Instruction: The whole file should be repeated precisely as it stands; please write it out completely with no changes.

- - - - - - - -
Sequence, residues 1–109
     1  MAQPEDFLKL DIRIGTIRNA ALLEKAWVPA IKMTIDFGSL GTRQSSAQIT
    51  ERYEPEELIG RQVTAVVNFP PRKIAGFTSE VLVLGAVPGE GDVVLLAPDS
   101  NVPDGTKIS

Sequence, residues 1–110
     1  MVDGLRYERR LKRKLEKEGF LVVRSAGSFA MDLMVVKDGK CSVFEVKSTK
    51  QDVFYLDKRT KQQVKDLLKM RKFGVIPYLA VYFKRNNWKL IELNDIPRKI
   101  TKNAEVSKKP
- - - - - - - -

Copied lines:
Sequence, residues 1–109
     1  MAQPEDFLKL DIRIGTIRNA ALLEKAWVPA IKMTIDFGSL GTRQSSAQIT
    51  ERYEPEELIG RQVTAVVNFP PRKIAGFTSE VLVLGAVPGE GDVVLLAPDS
   101  NVPDGTKIS

Sequence, residues 1–110
     1  MVDGLRYERR LKRKLEKEGF LVVRSAGSFA MDLMVVKDGK CSVFEVKSTK
    51  QDVFYLDKRT KQQVKDLLKM RKFGVIPYLA VYFKRNNWKL IELNDIPRKI
   101  TKNAEVSKKP